In 1851, the Langstroth beehive was invented. This allowed beekeepers to move frames around within the hive without harming the honeycomb. However, when it came to harvesting honey, their only option was still to cut the honeycomb from the frames and squish it over a strainer or eat the comb whole.
Then, in 1864, an amazing event occurred – the extractor was invented! The extractor is a large cylinder that spins frames of honeycomb so fast that the honey is thrown out of the cells, leaving the beekeeper with liquid honey and the honeycomb intact, so it can be returned ot the bees.
The extractor makes beekeeping considerably easier because:
• You can harvest many frames in a short period of time;
• The honeycomb is not harmed, allowing the beekeeper, to give them back to the bees.
Watch the Video Where I Show You How to Extract Honey with an Extractor
Who an Extractor Is For
I don't recommend extractors to beginner beekeepers. This is because they are large and expensive. Give beekeeping a shot and see how it goes. Maybe you won't like it. Maybe you won't have more than 1 or 2 hives and won't need an extractor. OR maybe you'll love beekeeping so much that you'll end up with 20+ hives 3 years later and will need a much bigger extractor.
Keep in mind, many beekeeping associations have an extractor that they let members use.
Extractors are best for beekeepers:
- With 3+ beehives;
- In their 2nd or 3rd year beekeeping;
- Are harvesting at least 10+ frames of honey a year.
Extractors are not recommended for people that are:
- Still learning about beekeeping and don't have any hives yet;
- In their first year beekeeping;
- Have 1 or 2 beehives.
Your Extractor Alternative
If you do not use an extractor, your alternative is to use the crush and strain method. This method can be done on frames with foundation, but works best and is faster when you do not use plastic foundation.
The flow hive is another alternative to harvesting honey without an extractor. However, that is equipment you have to purchase in advance, before putting a honey super on your beehive.
How to Harvest Honey Using an Extractor
You will need:
- Sharp knife or uncapping knife
- Fork or uncapping tool
- Jars, bucket or some type of food grade container to store your honey in long term
- Large baking sheet or other large flat bottom container to hold your frame while uncapping
- Empty super inside contractor's trash bag or large bin to put frames in once they are done being extracted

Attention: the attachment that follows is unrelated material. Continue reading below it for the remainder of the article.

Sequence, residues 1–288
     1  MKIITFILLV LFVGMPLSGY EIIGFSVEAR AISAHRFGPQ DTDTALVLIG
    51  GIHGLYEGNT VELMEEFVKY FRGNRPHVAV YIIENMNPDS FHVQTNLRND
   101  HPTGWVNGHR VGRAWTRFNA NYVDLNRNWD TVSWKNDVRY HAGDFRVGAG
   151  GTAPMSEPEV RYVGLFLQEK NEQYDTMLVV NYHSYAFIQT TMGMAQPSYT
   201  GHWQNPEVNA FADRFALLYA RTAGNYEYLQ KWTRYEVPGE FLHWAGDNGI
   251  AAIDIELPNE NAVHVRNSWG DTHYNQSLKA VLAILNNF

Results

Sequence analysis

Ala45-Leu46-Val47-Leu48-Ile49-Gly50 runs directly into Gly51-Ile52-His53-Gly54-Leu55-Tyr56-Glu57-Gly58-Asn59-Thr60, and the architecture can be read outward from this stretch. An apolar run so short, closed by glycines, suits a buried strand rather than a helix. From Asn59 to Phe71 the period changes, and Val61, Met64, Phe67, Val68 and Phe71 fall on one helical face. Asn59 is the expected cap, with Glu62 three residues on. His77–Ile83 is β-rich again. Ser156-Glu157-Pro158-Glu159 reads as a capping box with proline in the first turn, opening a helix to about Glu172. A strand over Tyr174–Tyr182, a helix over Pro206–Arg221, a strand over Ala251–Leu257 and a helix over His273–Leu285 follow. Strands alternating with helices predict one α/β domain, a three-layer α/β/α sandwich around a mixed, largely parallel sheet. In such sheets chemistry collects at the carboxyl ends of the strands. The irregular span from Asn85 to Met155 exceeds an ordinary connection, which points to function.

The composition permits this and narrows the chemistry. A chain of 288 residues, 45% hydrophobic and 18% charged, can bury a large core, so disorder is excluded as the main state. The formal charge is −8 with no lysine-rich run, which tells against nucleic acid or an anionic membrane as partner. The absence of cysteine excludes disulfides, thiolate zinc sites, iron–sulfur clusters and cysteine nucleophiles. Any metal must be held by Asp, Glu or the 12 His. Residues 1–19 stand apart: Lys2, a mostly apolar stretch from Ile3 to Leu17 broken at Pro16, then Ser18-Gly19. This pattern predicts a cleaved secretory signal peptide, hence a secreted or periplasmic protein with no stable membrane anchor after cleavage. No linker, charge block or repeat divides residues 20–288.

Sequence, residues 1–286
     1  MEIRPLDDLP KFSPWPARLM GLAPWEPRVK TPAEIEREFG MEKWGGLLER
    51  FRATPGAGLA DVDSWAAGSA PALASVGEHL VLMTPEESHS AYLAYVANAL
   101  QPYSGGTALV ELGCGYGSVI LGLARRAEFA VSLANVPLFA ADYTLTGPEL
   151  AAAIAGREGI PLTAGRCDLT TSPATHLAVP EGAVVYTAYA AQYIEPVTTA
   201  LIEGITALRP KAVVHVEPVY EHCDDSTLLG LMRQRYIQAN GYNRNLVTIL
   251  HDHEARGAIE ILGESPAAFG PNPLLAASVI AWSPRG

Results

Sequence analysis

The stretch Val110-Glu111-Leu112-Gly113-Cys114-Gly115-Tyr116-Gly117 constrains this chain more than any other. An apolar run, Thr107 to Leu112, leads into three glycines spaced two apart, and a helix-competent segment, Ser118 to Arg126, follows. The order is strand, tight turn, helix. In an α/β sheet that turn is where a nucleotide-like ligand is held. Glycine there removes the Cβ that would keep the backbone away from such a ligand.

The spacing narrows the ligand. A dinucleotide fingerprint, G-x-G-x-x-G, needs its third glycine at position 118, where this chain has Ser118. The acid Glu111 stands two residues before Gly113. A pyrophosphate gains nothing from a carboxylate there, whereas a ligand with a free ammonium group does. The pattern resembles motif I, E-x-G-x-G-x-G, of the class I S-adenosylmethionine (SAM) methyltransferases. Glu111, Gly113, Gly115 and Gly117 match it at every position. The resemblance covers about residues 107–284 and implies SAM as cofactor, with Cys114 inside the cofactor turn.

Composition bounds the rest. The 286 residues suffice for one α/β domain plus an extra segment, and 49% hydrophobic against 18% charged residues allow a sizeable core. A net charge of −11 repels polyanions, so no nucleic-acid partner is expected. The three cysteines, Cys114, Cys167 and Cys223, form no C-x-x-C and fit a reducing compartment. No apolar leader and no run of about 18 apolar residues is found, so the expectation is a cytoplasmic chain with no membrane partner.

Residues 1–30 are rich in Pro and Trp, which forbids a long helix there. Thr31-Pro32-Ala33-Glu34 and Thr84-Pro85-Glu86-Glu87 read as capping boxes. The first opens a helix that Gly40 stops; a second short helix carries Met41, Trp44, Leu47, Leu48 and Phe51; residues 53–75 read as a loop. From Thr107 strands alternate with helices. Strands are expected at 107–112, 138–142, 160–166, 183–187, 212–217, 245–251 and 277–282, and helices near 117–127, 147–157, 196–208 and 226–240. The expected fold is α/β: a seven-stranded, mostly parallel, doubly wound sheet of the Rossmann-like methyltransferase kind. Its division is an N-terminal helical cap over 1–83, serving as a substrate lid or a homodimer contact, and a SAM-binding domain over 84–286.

Honey Harvesting Step 1 - Prep
- Gather your equipment.
- Wash thoroughly.
- Lay out to dry overnight.
It is very important that there is no water in your equipment when you harvest honey, or it can cause the honey to ferment (and go bad). I like to wash everything the night before I extract, so I'm not wasting time hand drying equioment the day of.
Honey Harvesting Step 2 - Uncap Frames
Next, you want to slice the thin beeswax cap off of the cells of your honeycomb so that the honey can get out. You can do this with an uncapping knife (sold at beekeeping supply stores) or with a bread knife or other sharp knife you have in the kitchen.
Tip! Try not to cut too much of the honeycomb off when uncapping the frame. You should be able to see the blade of the knife through the beeswax.
Once you sliced off the majority of the wax, take a fork or uncapping tool and scrape open any cells that still have a cap over them.
Honey Harvesting Step 3 - Spin Frames
Next, it's time for the fun part, spinning! Put an uncapped frame in each part of the basket. If you have a 2 frame extractor, there will be 2 baskets for your frames, directly across from each other. If you have a four frame extractor, there will be 4 baskets. Check the manual for your extractor to see how to insert your frames.
Very Important! You do not want your extractor to be off balance. If you put an especially heavy frame on the left side, balance that frame with a heavy fame on the right. If the frame is fairly light, find another light frame to put on the other side.
Honey Harvesting Step 4 - Empty the Tank
If your extractor has a holding tank below the extractor with a pouring spout and strainer, you can ignore this step. If your extractor is simply a cylinder with baskets inside and does not have a separate holding tank below for the honey, you will have to open the spout and pour the honey out of the tank after a few frames have been spun. It's up to your discretion when that is. Just keep en eye on how full the tank is getting with honey and empty once you're finding yourself struggling to get the extractor going and effectively emptying the frames.
Honey Harvesting Step 5 - Storage
Once you're done spinning all of your frames, you're going to need to store your honey in an airtight, food grade container. This can be glass jars, honey jars, canning jars, a 5 gallon bucket and 2.5 gallon bucket. It's really up to you. I like to store my honey in 5 gallon buckets and pour honey into jars as I need them throughout the year. Just make sure the container has an airtight seal so moisture cannot get inside and cause your honey to ferment.
And you're done!
Helpful Links About Harvesting Honey:
- How to Store Frames of Drawn Out Honeycomb Over the Winter
- How to Harvest Comb Honey
- How to Get Bees Out of Your Honey Super
- How to Harvest Honey Using the Crush & Strain Method
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